Retinal outer layer thicknesses. The results of the histopath-
ological examination and measurement of ONL thicknesses
were summarized with mean thickness and SD. The retinal ONL
thicknesses (mm) in C-WT eyes [33.4 (30.0, 39.0)] were similar
to A-WT eyes [32.7 (20.7, 101)]. The ONL thickness (mm) in a
C-DKO eye was 0.75 (0, 11.2) and<18.3 (0, 29.5) in the A-DKO
eye (U = 33.5; P < 0.0001). Overall, ONL thickness was
significantly greater in A-DKO eyes than in C-DKO eyes.
Quantification of a biochemical component in RPE
phagolysosomes. Quantitative A2E measurement was per-
formed on 10 each of A-DKO, CT-DKO, A-WT, and C-WTeyes.
A2E concentrations were significantly higher in C-DKO eyes
than in C-WT eyes, as previously published (10,11,19). The
retinal A2E concentration in C-WTeyes did not differ from that
in A-WT eyes. A2E (pmol/eye) in C-DKO eyes [62.3 (53.8,
77.6)] was greater than in A-DKO eyes [38.0 (25.9, 51.7)] (U =
90; P = 0.0003) and did not differ from C-WT concentrations.
Retinal transcript expression profile. We investigated the
retinal mRNA expression of several pathologic proinflammatory
genes, including tumor necrosis factor-a (Tnf-a), cyclooxygenase-
2 (Cox-2), interleukin-1b (Il-1b), and inducible nitric oxide
synthase (iNOS), in our treatment groups (Fig. 4). The expression
ofTnf-a (U = 18;P =0.028),Cox-2 (U= 15;P = 0.036),Il-1b (U =
15; P = 0.036), and iNOS (U = 21; P = 0.017) in A-DKO micewas
lower than in C-DKO mice. Vegf levels were also significantly
higher in C-DKO mice compared with A-DKO mice (U = 22; P =
0.04). A-DKO mice had lower expression of inflammatory and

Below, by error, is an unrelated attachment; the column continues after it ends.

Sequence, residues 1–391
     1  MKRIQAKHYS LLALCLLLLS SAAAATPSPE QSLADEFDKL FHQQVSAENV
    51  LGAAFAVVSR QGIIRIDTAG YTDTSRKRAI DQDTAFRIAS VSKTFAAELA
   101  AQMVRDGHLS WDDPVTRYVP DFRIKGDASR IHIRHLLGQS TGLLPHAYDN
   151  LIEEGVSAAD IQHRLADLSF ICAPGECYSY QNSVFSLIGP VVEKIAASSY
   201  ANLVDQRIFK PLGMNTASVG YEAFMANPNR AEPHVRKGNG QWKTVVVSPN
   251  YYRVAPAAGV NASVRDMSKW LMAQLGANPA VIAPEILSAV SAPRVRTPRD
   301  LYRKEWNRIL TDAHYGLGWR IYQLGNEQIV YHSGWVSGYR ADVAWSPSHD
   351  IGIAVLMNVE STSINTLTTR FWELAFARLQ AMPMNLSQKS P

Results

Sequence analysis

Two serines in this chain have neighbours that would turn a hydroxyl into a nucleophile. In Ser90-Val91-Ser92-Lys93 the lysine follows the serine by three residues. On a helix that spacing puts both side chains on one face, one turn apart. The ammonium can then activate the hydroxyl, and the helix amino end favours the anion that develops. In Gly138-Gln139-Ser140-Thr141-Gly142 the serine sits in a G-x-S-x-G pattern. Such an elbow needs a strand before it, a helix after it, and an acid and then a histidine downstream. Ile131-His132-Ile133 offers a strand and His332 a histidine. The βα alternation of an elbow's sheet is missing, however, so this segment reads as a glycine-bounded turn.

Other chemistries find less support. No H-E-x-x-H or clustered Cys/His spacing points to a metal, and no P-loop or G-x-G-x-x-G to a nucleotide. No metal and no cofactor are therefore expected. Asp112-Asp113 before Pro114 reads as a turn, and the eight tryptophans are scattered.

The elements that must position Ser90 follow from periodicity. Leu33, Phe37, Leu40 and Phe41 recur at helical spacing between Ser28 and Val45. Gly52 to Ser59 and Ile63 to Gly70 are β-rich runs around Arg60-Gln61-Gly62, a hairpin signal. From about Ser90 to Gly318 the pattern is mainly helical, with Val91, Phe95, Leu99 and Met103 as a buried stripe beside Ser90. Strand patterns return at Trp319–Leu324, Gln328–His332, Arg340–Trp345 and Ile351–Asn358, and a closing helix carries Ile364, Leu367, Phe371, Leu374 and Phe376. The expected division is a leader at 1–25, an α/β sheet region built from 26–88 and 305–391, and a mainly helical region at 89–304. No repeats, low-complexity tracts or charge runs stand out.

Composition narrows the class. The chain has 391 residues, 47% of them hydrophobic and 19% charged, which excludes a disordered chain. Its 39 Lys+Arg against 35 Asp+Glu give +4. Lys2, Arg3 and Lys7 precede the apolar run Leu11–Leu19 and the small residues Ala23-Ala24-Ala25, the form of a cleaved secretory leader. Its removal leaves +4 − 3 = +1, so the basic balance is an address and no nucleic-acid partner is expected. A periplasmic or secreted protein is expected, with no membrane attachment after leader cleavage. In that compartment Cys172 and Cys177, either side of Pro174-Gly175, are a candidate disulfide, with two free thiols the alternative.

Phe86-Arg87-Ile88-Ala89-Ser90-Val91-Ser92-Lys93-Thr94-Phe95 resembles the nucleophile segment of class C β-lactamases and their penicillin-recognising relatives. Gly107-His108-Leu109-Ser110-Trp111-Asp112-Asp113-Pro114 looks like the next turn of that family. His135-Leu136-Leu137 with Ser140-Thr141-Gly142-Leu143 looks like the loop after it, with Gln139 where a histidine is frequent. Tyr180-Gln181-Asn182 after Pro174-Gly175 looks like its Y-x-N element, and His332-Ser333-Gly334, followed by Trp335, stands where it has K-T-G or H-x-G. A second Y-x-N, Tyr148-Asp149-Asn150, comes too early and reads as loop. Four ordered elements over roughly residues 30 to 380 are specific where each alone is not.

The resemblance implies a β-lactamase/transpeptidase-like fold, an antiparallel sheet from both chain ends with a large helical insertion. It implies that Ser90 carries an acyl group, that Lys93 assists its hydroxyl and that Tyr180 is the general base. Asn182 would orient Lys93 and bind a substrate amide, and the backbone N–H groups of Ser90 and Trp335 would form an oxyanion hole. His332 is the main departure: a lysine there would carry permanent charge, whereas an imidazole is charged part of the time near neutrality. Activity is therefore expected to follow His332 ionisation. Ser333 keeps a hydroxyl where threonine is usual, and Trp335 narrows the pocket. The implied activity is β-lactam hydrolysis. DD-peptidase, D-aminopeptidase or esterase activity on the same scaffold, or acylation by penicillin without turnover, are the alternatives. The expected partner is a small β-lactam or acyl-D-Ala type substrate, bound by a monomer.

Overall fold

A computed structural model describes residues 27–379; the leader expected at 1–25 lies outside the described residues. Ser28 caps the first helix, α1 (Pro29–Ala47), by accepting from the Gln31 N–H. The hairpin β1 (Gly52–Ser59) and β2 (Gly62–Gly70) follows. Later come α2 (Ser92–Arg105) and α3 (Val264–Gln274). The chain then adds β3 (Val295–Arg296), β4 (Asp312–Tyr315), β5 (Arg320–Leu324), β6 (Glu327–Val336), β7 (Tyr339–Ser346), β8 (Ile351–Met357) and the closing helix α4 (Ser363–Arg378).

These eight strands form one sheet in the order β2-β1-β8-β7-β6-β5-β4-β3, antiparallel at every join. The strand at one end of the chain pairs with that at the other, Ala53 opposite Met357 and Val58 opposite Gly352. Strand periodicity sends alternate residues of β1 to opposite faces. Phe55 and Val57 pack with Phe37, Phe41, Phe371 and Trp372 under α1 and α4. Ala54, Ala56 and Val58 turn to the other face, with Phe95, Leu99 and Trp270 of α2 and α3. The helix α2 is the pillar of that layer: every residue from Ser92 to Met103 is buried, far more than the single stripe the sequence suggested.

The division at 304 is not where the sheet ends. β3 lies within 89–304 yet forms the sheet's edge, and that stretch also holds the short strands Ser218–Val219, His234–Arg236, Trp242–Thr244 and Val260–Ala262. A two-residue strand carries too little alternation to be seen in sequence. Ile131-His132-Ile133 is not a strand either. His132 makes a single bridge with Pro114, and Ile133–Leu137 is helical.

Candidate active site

proangiogenic genes linked to advanced AMD.
Retinal accumulation of fatty acids and reduction in AA
concentrations. To ascertain that dietary consumption of fatty
acids results in retinal accumulation, analyses of fatty acid
concentrations were performed using 5 eyes from each treatment
group. AA concentrations (nmol/mg retina) were lower in A-WT
eyes [1.7 (1.5, 2.5)] compared with C-WT eyes [3.0 (2.8, 3.2)]
(U = 25; P = 0.008) and in A-DKO eyes [1.2 (1.2, 1.6)] compared
with C-DKO eyes [2.6 (2.5, 3.1)](U = 25; P = 0.008). There were
higher concentrations of EPA (nmol/mg of retina) in A-WT mice
[0.40 (0.38, 0.44)] compared with C-WT mice [0.067 (0, 0.15)]
treatment with a control or AREDS2 diet. Representative photomi-
crographs taken after 3 mo of treatment. (A,B) In C-WT and A-WT
eyes, there is a clear INL, OPL, ONL, IS, OS, and RPE. The RPE
appears homogenous in size and character. (C) C-DKO mice have focal
areas of photoreceptor loss (arrow), loss of the IS/OS and OPL, and
collapse of the ONL and INL. RPE shows vacuole accumulation,